More than 60,000 table saw injuries occur every year. About half of those are from hobbyist woodworkers and half are on-the-job injuries. While not every accident may not be avoidable, observing good safety practices when working with a table saw can save a lot of pain, lost hours and possibly limbs.
Make a Habit of the Obvious
The basics of table saw safety should be so ingrained in your daily habits that you don’t have to think about them — but that doesn’t mean you should ignore them, either. Elementary concepts like not reaching over the saw while it’s in motion (or even plugged in) seem a little obvious, yet they’re easy to forget when you’re in the groove of working on a project. Basic safety habits go out the window when you’re tired or rushed. Try not to work with your saw when you’re feeling exhausted and give yourself plenty of time to complete a project.
Inspect and Clean
Table saw safety begins before you ever start your project. Inspect your equipment: have you put the blade on correctly? Is it sharp? Is it the right blade for the job? Clean any debris from your work table before you begin, even if you think it isn’t in the way. Check your power cord for any frays or tears prior to plugging in your saw.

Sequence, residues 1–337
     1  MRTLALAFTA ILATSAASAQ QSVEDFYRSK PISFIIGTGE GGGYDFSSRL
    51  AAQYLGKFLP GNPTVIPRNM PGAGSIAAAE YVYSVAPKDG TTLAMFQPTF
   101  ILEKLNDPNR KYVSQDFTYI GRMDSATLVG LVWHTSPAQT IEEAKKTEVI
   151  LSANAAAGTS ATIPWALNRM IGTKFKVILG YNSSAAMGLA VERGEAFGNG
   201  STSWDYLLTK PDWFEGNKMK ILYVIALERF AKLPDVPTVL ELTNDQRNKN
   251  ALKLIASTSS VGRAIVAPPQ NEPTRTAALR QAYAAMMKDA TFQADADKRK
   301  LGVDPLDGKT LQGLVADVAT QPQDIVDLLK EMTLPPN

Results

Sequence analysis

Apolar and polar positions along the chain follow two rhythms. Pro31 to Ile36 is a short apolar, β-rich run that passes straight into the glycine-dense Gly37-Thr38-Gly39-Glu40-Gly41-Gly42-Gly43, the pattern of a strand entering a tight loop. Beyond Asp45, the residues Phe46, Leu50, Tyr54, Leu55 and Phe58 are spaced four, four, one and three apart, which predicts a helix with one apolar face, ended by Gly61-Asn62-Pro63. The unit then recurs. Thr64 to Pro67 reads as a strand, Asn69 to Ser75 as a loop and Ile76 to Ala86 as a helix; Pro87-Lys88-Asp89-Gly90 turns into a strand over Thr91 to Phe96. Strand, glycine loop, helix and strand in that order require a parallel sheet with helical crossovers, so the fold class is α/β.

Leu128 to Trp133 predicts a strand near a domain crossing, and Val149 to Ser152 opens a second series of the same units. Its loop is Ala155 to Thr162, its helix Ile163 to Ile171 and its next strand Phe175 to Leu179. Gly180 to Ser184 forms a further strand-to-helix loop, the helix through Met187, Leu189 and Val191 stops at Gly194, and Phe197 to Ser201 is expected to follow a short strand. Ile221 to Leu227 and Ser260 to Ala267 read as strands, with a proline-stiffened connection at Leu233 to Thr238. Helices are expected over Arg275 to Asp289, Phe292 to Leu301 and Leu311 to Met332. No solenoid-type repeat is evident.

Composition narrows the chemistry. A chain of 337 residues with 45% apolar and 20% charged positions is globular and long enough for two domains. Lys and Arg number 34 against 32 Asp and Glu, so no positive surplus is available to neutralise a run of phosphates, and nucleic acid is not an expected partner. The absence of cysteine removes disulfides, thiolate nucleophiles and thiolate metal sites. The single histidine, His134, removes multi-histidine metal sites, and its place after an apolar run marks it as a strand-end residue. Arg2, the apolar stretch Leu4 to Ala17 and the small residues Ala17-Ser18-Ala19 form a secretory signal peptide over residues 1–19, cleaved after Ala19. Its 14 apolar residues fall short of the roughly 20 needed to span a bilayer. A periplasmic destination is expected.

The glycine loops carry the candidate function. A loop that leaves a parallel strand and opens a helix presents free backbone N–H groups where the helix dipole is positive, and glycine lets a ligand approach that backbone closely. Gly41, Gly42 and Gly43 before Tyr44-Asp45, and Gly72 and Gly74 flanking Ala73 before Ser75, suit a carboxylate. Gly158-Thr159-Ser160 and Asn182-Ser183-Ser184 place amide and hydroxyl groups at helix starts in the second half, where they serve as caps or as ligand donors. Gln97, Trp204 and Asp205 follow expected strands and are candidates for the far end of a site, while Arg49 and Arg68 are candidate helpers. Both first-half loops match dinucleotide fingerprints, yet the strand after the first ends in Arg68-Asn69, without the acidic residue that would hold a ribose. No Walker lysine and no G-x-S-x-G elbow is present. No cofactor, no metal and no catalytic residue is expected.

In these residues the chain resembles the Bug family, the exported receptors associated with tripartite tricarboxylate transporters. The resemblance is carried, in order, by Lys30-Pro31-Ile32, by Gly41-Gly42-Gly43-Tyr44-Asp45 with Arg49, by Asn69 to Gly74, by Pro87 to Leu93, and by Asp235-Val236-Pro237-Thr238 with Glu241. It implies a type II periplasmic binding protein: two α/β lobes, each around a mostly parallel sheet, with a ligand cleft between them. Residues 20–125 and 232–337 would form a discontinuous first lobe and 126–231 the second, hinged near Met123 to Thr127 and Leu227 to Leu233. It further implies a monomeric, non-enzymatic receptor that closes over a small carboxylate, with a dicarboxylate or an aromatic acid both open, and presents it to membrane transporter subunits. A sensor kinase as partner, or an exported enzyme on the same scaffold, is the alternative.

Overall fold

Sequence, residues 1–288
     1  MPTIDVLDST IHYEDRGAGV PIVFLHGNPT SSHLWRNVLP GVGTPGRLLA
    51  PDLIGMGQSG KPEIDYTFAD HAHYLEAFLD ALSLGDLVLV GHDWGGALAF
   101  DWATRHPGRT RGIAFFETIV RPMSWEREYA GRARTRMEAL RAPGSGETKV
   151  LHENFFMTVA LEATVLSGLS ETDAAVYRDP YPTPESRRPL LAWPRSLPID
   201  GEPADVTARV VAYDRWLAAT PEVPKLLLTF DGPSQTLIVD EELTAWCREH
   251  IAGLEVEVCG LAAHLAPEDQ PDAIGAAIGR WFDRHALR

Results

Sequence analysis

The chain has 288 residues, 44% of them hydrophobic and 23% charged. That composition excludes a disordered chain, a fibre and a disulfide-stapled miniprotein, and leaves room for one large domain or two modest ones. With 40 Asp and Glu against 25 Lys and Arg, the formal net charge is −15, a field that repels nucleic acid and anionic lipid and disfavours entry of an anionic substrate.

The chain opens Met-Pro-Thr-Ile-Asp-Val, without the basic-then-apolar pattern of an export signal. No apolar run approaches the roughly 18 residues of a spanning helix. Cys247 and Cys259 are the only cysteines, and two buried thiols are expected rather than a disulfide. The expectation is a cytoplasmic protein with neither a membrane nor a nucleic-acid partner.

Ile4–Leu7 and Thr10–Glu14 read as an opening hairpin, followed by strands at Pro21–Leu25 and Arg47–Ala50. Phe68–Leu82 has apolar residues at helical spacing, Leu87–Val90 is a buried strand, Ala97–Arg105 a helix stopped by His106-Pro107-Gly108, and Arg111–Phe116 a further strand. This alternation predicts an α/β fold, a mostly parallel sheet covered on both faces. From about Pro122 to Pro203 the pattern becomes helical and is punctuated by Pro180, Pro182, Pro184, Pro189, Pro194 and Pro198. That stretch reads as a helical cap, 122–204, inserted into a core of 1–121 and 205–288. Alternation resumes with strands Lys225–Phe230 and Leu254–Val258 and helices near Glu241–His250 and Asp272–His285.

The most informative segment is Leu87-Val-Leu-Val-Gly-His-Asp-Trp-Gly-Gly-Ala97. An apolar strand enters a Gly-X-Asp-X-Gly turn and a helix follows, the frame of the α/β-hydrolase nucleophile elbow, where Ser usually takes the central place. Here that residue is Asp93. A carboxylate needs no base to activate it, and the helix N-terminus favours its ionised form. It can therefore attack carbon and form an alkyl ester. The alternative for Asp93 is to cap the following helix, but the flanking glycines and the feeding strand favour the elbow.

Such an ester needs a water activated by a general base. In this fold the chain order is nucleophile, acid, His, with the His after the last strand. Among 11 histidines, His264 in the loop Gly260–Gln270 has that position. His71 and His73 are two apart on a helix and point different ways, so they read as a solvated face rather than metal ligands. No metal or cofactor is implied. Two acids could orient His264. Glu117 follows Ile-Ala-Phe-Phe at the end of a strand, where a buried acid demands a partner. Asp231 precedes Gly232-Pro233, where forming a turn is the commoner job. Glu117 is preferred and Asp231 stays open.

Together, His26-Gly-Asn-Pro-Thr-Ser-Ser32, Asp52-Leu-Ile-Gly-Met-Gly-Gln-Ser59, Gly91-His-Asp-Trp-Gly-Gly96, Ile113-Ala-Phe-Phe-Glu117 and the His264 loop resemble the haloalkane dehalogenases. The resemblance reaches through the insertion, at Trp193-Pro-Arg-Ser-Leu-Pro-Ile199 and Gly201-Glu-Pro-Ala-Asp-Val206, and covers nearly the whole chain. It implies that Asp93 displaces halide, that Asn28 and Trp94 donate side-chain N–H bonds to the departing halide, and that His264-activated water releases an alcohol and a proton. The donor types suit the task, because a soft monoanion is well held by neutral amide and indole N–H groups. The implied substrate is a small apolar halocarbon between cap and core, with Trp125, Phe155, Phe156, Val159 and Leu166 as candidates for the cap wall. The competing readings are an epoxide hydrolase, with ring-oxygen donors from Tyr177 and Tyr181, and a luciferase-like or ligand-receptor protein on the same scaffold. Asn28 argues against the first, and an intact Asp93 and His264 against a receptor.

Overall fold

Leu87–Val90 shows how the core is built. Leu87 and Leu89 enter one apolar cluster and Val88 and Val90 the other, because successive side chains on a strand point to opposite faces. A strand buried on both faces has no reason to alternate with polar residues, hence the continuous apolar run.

Take inventory of yourself, too. Are you feeling foggy-headed or tired? Do you have an injury or ache that might make standing a certain way too difficult? For example, you should always firmly plant your weight on both legs and avoid leaning on your saw table to avoid injury should the wood lurch or kick.
If your knee is hurting, you might not be alert enough to avoid falling onto the saw if the wood reacts in an unexpected way. Make sure your personal protective equipment is in good order, too. At minimum, you should have a serviceable pair of safety goggles. PPE does no good if it’s sitting on a shelf, so don it before starting your work.
Expect the Unexpected
Woodworking is an adventure and sometimes the wood acts unpredictably. Anticipate kickback from the saw. Consider that it could happen at any time. Check and double check the positioning of your equipment and yourself every time you switch spots to make a new cut. Know your limits and respect them – there’s nothing so important that you should lose a finger over it. Keep the guard on and use a push stick for cuts six inches or closer to the blade.
Table saws are fast and they’re powerful – that’s what makes them one of the most invaluable tools in your workshop. Give them the respect they deserve by recognizing their potential to cause devastating injuries and be diligent in your safety practices while operating the equipment. Make safety a habit to avoid injuries.
What safety tips would you add to this list?